Recognition between a short unstructured peptide and a partially folded fragment leads to the thioredoxin fold sharing native-like dynamics

Instituto de Biología Molecular y Celular de Rosario, Consejo Nacional de Investigaciones Científicas y Técnicas, Universidad Nacional de Rosario, Suipacha 531, S2002LRK Rosario, Argentina.
Proteins Structure Function and Bioinformatics (Impact Factor: 2.63). 05/2012; 80(5):1448-64. DOI: 10.1002/prot.24043
Source: PubMed

ABSTRACT Thioredoxins (TRXs) constitute attractive α/β scaffolds for investigating molecular recognition. The interaction between the recombinant fragment spanning the sequence 1-93 of full-length TRX (TRX1-93) and the synthetic peptide comprising residues 94-108 (TRX94-108), plus a C-terminal tyrosine tag (the numbering scheme used in entry pdb 2TRX is used throughout the article, two complementary moieties of E. coli TRX, brings about the consolidation of a native-like complex. Despite its reduced thermodynamic stability, this complex is able to acquire fine structural features remarkably similar to those characteristic of full-length TRX, namely, hydrodynamic behavior, assessed by diffusion-ordered spectroscopy (DOSY)-NMR; the pattern of secondary structure, as revealed by three-bond HNHα coupling constants and secondary shifts for Hα/CO/Cα/Cβ; native-like tertiary structural signatures revealed by near-UV circular dichroism (CD) spectroscopy. The complex exhibits a relaxation behavior compatible with that expected for a native-like structure. However, heteronuclear nuclear Overhauser effect (NOE)s reveal an enhanced dynamics for the complex by comparison with full-length TRX. Furthermore, higher R(2) values for residues 43-50 and 74-89 would likely result from an exchange process modulated by the peptide at the interface region. The slow kinetics of the consolidation reaction was followed by CD and real-time NMR. Equilibrium titration experiments by NMR yield a K(D) value of 1.4 ± 1.0 μM and a second low-affinity (>150 μM) binding event in the vicinity of the active site. Molecular dynamics simulations of both the isolated fragment TRX1-93 and the complex suggest the destabilization of α2 and α3 helical elements and the persistence of β-structure in the absence of TRX94-108. Altogether, structural and dynamic evidence presented herein points to the key role played by the C-terminal helix in establishing the overall fold. This critical switch module endows reduced TRX with the ability to act as a cooperative folding unit.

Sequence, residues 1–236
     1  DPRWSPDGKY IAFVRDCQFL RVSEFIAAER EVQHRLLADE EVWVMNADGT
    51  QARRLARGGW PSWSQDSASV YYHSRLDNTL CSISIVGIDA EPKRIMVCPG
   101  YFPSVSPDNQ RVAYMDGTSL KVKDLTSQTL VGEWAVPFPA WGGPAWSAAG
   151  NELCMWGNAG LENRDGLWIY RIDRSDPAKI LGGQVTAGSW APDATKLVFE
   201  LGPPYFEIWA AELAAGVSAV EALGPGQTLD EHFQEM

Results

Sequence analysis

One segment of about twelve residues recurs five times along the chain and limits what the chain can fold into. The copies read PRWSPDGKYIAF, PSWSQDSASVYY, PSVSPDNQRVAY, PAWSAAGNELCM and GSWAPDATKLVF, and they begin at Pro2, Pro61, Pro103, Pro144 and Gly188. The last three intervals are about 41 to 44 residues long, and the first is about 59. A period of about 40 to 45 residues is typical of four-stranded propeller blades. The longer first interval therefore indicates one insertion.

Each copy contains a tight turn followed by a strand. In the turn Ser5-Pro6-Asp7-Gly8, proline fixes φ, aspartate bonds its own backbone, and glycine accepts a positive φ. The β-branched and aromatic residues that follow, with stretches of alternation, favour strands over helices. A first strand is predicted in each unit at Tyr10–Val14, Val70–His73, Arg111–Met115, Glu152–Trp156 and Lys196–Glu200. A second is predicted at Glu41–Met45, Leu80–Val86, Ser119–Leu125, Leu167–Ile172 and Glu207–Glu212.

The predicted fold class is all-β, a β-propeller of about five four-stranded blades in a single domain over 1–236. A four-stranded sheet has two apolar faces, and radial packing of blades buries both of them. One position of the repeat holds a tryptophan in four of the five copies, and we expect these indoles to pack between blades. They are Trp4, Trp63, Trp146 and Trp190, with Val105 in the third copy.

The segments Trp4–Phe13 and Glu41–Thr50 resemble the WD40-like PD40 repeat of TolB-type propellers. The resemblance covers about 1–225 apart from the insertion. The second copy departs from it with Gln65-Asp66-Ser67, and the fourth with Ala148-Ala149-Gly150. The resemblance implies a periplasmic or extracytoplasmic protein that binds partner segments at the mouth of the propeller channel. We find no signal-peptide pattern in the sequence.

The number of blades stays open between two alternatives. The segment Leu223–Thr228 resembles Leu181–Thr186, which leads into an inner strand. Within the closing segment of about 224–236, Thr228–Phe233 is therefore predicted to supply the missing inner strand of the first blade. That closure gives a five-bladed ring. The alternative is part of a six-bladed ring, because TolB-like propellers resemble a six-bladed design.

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Available from: Javier Santos, Sep 27, 2015
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    • "However, heteronuclear nuclear Overhauser effect (hnNOE) reveals an enhanced dynamics. The higher R2 values for residues 43– 50 and 74–89 are compatible with an exchange process modulated by the peptide at the interface region [154]. In "
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    ABSTRACT: Thioredoxin (TRX) catalyzes redox reactions via the reversible oxidation of the conserved active center CGPC and it is involved in multiple biological processes, some of them linked to redox activity while others not. TRX is a globular, thermodynamically stable and monomeric alpha/beta protein with a structure characterized by a central beta-sheet surrounded by alpha-helices. In this review we discuss central aspects of folding, dynamics and function of Escherichia coli TRX (EcTRX), pointing to the characterization of the full-length protein and of relevant fragments. In addition, we focus on the critical role that the C-terminal alpha-helical element plays in a late event in the consolidation of the overall EcTRX fold. Furthermore, we address the characterization of internal molecular motions by NMR and molecular dynamics simulation techniques. Finally, we review important aspects of the relationship among structure, dynamics and enzymatic function of this key redox protein.